I certainly think we are in for big changes in the next 20 years. Electric cars will become more prevalent as the technology improves, but if they match the numbers of conventional cars the strain on the national grid will be immense. Railways are the most energy efficient way of moving large numbers of people about, very little friction between steel wheel and rail. I am a member of the Helston Railway, that is a line where eventually the local authority under pressure from residents will have to re instate the line fully. Look at what has happened to the Falmouth branch!

Freddie said...

Steve,

Sound stuff. I was in Switzerland a few weeks ago and rail really is the prime mode of transport there.

Also, everything you say for roads applies to air travel too. Network Rail's plan to build an extra platform at Manchester Airport is hardly a realistic response to long term international travel needs. All our main cities need high speed connections to the rest of Europe - and once you've travelled on a Germance ICE, who'd ever want to fly again anyway?

Finally, there there was an article in the Times a couple of weeks ago about a Russian plan to build a railway from the Tran-Siberian to the Bering Straight. The first 800 miles are opening in 2013, the remaining 2000 odd miles to be completed by 2030. So they are now looking at a tunnel under the Bering Straight to Alaska with a view that a line across Alaska will link to the Canadian network and hence provide a linkn on the US. There's definitely nothing wrong with thinking big!

BertieBeatlefan said...

A well-written piece, however the writer ignores three very relevant facts; GREED, CORRUPTION and VESTED INTEREST! Remember we do NOT live in a democracy but a plutocracy. Money rules, and the sheeple are just conned into believing our vote counts. Wake up everyone!

Sunshiner said...

I'm off to Switzerland on Thursday - obviously will be using the train whilst I'm over there, even just to pop up the hill to get the shopping!

I don't even consider air travel any more as a viable future option. Apparently there is no alternative to kerosene, so air travel will end with the end of oil.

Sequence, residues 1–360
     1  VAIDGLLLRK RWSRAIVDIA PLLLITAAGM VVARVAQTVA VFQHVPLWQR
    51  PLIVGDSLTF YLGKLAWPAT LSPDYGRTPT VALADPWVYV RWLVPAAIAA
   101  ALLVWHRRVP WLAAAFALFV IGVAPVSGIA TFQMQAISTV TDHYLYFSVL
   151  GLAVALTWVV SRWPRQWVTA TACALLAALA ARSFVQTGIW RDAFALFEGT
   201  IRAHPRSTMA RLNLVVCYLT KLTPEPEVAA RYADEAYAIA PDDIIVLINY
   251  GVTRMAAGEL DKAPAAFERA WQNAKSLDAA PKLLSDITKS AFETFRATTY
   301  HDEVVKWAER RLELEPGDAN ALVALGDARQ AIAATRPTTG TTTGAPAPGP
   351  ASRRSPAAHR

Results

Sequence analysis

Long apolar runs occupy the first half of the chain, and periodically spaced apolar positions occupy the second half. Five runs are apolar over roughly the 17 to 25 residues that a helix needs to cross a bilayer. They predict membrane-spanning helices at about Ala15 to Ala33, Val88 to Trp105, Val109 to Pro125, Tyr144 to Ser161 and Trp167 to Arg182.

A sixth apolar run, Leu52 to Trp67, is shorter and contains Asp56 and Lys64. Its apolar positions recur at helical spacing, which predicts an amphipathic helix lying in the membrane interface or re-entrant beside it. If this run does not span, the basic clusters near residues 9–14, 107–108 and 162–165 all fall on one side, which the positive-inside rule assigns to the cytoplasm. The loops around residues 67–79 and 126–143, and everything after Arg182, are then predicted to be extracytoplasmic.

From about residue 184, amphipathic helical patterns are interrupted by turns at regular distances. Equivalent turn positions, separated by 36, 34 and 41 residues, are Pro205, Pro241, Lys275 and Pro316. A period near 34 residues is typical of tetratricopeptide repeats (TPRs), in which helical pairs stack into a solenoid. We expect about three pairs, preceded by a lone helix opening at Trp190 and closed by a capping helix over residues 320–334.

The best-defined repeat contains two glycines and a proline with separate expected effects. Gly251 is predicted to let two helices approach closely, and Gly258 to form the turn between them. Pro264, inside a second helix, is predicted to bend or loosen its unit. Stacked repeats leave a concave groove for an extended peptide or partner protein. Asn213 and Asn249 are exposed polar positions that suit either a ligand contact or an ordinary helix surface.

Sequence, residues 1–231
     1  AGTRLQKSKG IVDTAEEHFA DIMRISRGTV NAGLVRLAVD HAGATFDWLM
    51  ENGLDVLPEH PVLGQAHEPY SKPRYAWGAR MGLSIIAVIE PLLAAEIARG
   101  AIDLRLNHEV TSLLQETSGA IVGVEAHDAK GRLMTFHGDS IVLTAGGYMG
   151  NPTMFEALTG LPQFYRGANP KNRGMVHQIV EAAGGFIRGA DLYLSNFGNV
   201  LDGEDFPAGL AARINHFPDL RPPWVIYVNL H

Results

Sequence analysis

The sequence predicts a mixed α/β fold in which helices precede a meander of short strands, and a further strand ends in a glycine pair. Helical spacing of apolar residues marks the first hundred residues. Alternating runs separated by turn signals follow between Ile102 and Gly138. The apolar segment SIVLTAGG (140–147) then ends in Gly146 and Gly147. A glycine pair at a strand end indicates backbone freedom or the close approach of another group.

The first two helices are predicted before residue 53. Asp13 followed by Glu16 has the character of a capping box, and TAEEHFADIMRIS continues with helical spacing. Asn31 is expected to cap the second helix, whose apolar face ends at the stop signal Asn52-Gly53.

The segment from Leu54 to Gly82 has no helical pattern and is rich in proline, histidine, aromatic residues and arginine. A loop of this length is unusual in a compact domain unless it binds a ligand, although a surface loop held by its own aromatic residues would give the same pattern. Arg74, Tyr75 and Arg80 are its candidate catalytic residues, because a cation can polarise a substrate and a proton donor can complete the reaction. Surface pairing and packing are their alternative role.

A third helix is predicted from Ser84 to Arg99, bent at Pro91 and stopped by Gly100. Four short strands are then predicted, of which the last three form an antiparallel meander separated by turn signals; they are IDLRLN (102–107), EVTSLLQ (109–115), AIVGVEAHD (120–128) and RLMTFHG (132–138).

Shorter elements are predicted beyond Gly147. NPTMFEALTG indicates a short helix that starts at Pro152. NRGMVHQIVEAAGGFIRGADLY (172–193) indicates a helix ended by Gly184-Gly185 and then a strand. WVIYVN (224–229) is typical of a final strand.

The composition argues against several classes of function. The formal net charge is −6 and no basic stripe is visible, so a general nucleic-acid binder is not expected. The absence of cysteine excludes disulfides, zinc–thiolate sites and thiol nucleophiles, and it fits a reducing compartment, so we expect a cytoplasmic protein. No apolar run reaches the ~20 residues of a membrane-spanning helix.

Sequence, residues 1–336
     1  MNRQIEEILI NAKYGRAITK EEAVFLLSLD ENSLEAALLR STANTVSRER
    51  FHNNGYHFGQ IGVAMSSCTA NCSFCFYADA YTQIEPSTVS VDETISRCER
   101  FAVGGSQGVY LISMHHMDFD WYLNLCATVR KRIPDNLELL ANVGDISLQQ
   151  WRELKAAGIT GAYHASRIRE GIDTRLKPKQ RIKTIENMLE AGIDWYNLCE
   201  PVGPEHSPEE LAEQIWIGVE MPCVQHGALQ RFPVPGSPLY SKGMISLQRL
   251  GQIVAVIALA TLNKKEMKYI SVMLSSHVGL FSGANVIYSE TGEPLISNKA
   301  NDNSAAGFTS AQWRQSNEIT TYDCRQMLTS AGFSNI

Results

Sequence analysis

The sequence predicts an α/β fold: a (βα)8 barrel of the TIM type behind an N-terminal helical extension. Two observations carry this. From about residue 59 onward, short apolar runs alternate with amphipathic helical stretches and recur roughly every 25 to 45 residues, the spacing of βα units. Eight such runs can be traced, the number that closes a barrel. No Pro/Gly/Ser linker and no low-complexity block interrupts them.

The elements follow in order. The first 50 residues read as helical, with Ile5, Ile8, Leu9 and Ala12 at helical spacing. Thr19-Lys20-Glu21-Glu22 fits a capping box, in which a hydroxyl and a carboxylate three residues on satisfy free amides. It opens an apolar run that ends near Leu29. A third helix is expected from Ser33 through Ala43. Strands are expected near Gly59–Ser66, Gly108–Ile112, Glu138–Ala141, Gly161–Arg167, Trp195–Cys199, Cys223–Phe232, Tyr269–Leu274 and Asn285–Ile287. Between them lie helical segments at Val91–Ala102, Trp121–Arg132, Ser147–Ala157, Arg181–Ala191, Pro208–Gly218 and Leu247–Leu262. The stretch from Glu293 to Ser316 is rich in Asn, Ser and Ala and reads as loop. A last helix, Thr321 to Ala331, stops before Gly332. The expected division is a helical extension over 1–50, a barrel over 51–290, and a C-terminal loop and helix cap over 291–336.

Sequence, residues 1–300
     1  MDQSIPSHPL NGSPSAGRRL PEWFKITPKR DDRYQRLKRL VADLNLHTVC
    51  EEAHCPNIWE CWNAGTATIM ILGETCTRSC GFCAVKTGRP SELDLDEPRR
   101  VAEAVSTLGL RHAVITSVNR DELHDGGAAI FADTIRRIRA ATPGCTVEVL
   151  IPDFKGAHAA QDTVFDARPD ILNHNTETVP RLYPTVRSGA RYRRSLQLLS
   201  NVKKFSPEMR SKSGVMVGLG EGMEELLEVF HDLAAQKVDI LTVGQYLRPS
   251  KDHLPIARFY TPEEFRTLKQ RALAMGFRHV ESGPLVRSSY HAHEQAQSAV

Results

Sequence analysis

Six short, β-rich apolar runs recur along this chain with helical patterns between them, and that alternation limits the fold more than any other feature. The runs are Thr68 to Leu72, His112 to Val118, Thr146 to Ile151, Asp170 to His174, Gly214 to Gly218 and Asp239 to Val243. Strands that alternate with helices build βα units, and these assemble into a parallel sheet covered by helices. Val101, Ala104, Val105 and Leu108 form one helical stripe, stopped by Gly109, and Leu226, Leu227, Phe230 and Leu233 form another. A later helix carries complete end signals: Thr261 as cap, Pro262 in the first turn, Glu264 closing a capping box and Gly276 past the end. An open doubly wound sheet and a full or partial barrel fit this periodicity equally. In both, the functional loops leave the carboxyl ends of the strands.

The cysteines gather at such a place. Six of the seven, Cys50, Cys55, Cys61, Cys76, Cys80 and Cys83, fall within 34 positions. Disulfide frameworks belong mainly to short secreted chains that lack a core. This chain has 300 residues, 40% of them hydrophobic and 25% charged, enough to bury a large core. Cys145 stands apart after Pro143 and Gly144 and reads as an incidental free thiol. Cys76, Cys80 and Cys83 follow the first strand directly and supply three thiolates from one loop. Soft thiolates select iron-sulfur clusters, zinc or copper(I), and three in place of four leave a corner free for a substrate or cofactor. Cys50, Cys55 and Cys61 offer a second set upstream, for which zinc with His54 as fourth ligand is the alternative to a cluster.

I posted a Facebook link about the Bering Strait line - it makes what we are planning for the S&D look like a walk in the park.

And finally on electric cars, Chris brings up the point about electricity generation which is set to fall rather than rise over the next decade or so. But there 's the other huge oil inputs which are the oil in ashphalt and in car tyres, both which require huge amounts of oil. The costs for both will rise enormously, resulting in VERY exepensive tyre changes and a big reduction in road maintenance costs - result, less cars being used and less tax money and investment going into roads - a recipe for collapse of the road network. Everything will be going into rail in any case by then. I just don't see how roads, let alone cars, can survive.

Sunshiner said...

Bertie - I've posted your comment as I like to post everything unless it's spam, but needless to say I don't agree with any of it! We've seen things get done all over the country and further afield, I don't buy into any conspiracy/NWO crackpot theories and I have seen many times how people working together make things happen. We ARE a vested interest.

So please, to everyone, whilst I do allow almost all comments anything based on crackpot conspiracy theories, that thinks we're still in the 70s or goes over old ground about 'you'll never do it' will probably not make it to the comments section, unless they carry the argument forward, have new information or are just so daft that they are entertaining!

Anonymous said...

Britain is an island built on coal.
Just think,if the amount of money that has been spent on oil exploration,oil exploitation,wind farms,and nuclear power had been used to develop remote underground working and clean fuel burning,we could be independent of the need for huge oil imports.

Anonymous said...

P.S.
I hope that was not too crackpot.

Sunshiner said...

Not crackpot - we've often said something similar but bear in mind that coal is a finite resource so really we'd only be putting off the moment of reckoning by a few years. Most of the coal would be exported I suspect. And they still haven't created economic clean coal burning technology, so it wouldn't solve the climate problem.

Wood is of course a far better option because it's sustainable and also the growing of large amounts of trees would fix a lot of carbon dioxide, tackling the climate and energy problems together.

There's a part of me that would love to see the Somerset coalfield revived, but I wonder if it's technologically and economically feasible (and elsewhere of course).

Anonymous said...

I Don,t want to be too political but the battle to reduce the power of the mine workers, thus closing the collieries and fostering Northsea oil and gas ,came before the huge increase in environmental concern.
I know that this concern is real and i share it.
I was pointing out that with the will and finance All Things are POSSIBLE.
(as you say about reinstating the S&D)